Microb Ecol. 2022 Nov 2. doi: 10.1007/s00248-022-02135-0. Online ahead of print.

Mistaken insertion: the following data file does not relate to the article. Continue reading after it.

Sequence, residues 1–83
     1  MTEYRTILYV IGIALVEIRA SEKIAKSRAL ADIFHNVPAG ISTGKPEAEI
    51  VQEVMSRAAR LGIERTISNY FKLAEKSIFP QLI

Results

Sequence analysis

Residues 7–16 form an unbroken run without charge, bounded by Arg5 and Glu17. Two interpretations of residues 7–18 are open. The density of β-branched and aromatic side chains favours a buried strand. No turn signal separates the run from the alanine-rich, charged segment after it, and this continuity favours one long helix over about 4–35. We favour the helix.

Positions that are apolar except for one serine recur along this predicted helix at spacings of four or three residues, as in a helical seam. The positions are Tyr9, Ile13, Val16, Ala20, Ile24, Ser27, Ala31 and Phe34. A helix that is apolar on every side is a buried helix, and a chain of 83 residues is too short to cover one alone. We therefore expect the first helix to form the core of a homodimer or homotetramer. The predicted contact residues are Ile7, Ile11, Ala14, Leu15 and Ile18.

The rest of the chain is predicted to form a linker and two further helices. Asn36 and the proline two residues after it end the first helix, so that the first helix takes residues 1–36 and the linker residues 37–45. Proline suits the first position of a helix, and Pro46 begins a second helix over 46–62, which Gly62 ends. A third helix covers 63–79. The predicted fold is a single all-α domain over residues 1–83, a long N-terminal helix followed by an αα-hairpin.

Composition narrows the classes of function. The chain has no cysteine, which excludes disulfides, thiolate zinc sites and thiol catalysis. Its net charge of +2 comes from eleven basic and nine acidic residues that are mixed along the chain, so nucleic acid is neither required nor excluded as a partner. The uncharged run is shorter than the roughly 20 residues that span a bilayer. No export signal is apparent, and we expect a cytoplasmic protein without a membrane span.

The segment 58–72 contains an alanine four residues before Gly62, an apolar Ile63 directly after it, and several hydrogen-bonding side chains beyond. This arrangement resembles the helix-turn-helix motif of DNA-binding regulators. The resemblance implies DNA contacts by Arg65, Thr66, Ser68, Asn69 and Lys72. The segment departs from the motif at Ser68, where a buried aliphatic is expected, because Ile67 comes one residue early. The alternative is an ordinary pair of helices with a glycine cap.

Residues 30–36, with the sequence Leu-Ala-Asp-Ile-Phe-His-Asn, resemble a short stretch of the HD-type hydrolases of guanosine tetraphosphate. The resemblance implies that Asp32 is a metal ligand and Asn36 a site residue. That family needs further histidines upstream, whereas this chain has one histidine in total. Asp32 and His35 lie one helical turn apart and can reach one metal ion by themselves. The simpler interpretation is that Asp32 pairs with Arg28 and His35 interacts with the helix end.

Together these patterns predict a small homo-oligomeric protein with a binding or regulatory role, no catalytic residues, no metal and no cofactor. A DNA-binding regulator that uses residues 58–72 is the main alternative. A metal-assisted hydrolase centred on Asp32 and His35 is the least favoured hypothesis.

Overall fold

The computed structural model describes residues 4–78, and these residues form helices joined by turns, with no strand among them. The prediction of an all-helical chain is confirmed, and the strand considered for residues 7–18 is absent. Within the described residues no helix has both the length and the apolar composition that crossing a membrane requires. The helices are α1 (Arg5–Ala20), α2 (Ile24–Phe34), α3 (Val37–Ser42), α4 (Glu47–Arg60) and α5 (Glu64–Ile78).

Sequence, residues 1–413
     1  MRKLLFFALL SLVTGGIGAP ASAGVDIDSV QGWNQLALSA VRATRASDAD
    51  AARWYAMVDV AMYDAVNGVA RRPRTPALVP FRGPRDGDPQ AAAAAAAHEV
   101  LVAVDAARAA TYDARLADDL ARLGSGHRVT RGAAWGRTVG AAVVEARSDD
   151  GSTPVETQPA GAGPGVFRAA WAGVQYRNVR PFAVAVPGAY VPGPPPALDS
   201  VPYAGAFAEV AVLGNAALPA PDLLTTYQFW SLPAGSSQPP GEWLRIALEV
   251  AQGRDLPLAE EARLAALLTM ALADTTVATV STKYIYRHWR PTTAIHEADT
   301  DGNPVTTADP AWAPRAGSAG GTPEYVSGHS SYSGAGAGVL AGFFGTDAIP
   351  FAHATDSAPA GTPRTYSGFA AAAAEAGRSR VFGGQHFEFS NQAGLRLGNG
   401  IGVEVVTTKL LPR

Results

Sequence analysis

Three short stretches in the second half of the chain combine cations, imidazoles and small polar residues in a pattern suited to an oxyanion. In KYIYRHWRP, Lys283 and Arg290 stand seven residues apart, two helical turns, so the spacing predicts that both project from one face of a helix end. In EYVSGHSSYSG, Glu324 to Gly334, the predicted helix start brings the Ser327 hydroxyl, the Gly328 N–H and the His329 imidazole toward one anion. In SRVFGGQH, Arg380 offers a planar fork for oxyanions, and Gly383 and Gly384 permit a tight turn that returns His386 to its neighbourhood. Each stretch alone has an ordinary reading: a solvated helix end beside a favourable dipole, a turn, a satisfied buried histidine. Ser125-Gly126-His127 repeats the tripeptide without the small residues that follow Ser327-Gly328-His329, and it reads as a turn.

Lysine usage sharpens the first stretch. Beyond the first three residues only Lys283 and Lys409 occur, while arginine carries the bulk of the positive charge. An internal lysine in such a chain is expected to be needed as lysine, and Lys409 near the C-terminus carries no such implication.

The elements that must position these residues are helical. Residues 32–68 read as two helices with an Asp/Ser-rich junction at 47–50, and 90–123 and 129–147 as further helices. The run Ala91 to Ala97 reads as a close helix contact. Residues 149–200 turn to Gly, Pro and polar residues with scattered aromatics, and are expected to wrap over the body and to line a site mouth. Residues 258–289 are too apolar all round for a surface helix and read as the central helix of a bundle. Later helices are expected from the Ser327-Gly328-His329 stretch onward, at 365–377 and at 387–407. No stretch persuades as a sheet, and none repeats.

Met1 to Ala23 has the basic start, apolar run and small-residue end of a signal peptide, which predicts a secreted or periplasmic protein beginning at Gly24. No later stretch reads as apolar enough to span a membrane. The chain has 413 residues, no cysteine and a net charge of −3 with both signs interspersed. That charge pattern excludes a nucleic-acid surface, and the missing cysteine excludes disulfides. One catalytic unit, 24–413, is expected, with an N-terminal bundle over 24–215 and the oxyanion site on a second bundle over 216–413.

In the last several decades, amphibian populations have been declining worldwide. Many factors have been linked to global amphibian decline, including habitat destruction, pollution, introduced species, global environmental changes, and emerging infectious diseases. Recent studies of amphibian skin infections were mainly focused on the presence of chytridiomycosis, neglecting other members of the frogs’ skin communities. The diversity pattern of fungal dwellers on the skin of green frogs (Pelophylax esculentus complex) was investigated. A total of 100 adults were sampled from three localities in South Banat (northern Serbia) over three consecutive years and detected fungal dwellers were identified using light microscopy and ITS and BenA gene sequencing. Structures belonging to fungi and fungus-like organisms including a variety of spores and different mycelia types were documented in the biofilm formed on amphibian skin, and are classified into 10 groups. In total, 42 fungal isolates were identified to species, section, or genus level. The difference in mycobiota composition between sampling points (localities and green frog taxa) was documented. The highest number of fungal structures and isolates was recorded on the hybrid taxon P. esculentus and locality Stevanove ravnice. Parental species showed a markedly lower diversity than the hybrid taxon and were more similar in diversity patterns and were placed in the same homogenous group. The locality Stevanove ravnice exhibited more pronounced differences in diversity pattern than the other two localities and was placed in a distinct and separate homogenous group. Among the fungal isolates, the highest isolation frequency was documented for Alternaria alternata, Aspergillus sp. sect. Nigri, Epicoccum nigrum, Fusarium proliferatum, and Trichoderma atroviride. Among the documented species, dematiaceous fungi, causative agents of chromomycosis in amphibians, were also recorded in this research with high isolation frequency. Also, some rare fungal species such as Quambalaria cyanescens and Pseudoteniolina globosa are documented for the first time in this research as microbial inhabitants of amphibian skin.